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World J Gastrointest Endosc. 2010 May 16; 2(5): 190–192.
Published online 2010 May 16. doi:  10.4253/wjge.v2.i5.190
PMCID: PMC2999127

Choledochal varices bleeding: A case report

Abstract

Choledochal varices are a rare cause of hemobilia associated with chronic portal vein thrombosis. We present a case of chronic portal vein thrombosis complicated with bleeding from choledochal varices. The presentation, clinical manifestations and management are described.

Keywords: Bile duct varices, Portal hypertensivebiliopathy, Common bile duct dilatation, Extrahepatic portal vein obstruction, Endoscopic ultrasound, Hemobilia, Portal vein thrombosis

INTRODUCTION

Choledochal varices should be considered as a possible cause of obstructive jaundice in patients with history of portal vein thrombosis or hypertension. Diagnosis of choledocal varices can be easily missed by the usual imaging procedures. Unrecognized choledochal varices can lead to bleeding during endoscopic biliary tract procedures. We report a case of bleeding choledochal varices with biliary tree obstruction secondary to chronic portal vein thrombosis. The contribution of endoscopic ultrasound findings towards making a prompt diagnosis is emphasized.

CASE REPORT

A 53 year old man was admitted to hospital with splenomegaly and thrombocythemia in 2001. Ultrasound examination of the abdomen revealed splenomegaly and the absence of blood flow in the main portal vein which suggested portal vein thrombosis. Bone marrow biopsy showed trilineage hyperplasia which suggested myeloproliferative disease. He experienced an episode of esophageal varices bleeding in 2001 which was controlled with multiple banding ligations. He was followed up in the hematology clinic and given hydroxyurea 500 mg daily and propanolol 20 mg three times daily. His regular surveillance endoscopy did not show recurrence of esophageal varices.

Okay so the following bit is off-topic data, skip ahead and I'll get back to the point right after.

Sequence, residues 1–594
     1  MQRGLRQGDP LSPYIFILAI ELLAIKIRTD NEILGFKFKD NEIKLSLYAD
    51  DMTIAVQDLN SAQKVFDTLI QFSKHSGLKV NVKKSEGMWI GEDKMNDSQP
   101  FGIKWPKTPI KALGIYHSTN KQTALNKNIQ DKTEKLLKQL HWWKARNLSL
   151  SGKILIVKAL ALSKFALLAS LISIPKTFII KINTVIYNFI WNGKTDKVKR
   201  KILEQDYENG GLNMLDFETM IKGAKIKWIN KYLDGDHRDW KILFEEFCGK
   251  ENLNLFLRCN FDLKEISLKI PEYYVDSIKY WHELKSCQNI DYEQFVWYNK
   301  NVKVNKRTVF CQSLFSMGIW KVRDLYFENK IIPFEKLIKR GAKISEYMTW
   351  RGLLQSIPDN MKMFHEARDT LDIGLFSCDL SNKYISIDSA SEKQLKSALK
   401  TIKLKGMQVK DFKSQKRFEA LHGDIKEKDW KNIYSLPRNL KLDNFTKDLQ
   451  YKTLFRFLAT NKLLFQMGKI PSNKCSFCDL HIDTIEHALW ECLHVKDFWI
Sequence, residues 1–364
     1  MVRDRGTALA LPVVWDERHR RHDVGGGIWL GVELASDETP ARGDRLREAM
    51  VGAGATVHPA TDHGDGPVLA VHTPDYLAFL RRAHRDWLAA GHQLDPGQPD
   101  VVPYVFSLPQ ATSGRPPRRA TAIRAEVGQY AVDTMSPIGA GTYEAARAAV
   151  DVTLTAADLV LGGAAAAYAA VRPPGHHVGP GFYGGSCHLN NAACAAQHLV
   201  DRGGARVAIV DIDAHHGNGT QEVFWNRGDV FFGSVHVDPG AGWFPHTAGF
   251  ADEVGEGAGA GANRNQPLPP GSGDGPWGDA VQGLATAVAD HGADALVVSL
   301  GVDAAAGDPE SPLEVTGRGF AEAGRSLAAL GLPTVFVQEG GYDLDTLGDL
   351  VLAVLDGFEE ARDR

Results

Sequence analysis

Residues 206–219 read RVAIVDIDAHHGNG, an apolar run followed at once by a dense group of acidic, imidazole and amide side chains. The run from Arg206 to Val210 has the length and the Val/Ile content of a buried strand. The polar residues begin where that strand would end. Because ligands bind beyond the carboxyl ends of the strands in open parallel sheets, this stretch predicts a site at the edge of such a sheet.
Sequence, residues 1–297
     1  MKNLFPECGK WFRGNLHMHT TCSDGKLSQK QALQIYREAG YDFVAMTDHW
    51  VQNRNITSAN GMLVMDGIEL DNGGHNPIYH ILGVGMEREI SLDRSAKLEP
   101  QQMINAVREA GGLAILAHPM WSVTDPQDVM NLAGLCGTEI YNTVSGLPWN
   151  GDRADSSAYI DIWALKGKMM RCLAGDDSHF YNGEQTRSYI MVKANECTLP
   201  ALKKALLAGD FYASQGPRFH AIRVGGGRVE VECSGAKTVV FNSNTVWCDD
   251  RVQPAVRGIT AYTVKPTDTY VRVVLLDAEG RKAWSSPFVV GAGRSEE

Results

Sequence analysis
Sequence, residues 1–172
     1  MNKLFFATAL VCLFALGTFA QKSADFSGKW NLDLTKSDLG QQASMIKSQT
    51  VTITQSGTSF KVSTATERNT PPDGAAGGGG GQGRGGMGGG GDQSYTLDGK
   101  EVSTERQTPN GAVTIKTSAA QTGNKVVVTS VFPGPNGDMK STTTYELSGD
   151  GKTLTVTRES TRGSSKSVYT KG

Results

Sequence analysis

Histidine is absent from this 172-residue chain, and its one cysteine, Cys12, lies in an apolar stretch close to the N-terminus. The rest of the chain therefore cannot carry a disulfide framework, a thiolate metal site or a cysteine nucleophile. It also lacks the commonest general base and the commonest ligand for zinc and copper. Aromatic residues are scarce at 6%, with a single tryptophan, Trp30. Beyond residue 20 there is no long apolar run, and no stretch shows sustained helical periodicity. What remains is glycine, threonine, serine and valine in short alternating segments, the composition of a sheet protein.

In May 2008 he presented with a 2 d history of rectal bleeding. On admission, he was afebrile and hemodynamically stable. Physical examination showed only splenomegaly and a fresh blood clot in the rectum. Blood tests revealed hemoglobin 10.6 g/dL (reference level 13-18 g/dL), platelets 225 × 109/L (reference level 150 - 400 × 109/L) and total bilirubin 61 μmol/L (reference level 2-23 μmol/L). Serum alanine transferase, alkaline phosphatase and prothrombin time were normal. An upper esophageal gastroduodenoscopy was performed one day after admission. There were three columns of small esophageal varices with no evidence of recent bleeding. No gastric varix was detected. However, active spurting through the ampulla of Vater was noted. Computer tomography (CT) of the abdomen showed mild biliary tree dilatation with intraluminal hyperdensities that suggested a blood clot (Figure (Figure1A1A and andB).B). Features of chronic portal hypertension which include ascites, splenomegaly, portal venous thrombosis and portasystemic collaterals were seen. No definite liver mass suggestive of a liver tumor was seen. He was given intravenous terlipressin injections and the bleeding subsided after medical therapy. Four days after admission, endoscopic ultrasound (EUS) of the biliary system showed echogenic material with acoustic shadow, consistent with a blood clot inside the common bile duct (Figure (Figure2A).2A). In addition, there were multiple collaterals around the duodenum and common bile duct (Figure (Figure2B)2B) and the main portal vein was occluded. There was no pancreatic mass and no mass extension outside the common bile duct. The splenic vein and superior mesenteric vein were patent. However, he developed a fever, chill and shock on the same day after the EUS. Blood tests showed evidence of cholangitis and disseminated intravascular coagulation. His clinical course was complicated by acute respiratory distress syndrome and multiple organ failure despite percutaneous biliary tree drainage. He died 9 d after admission.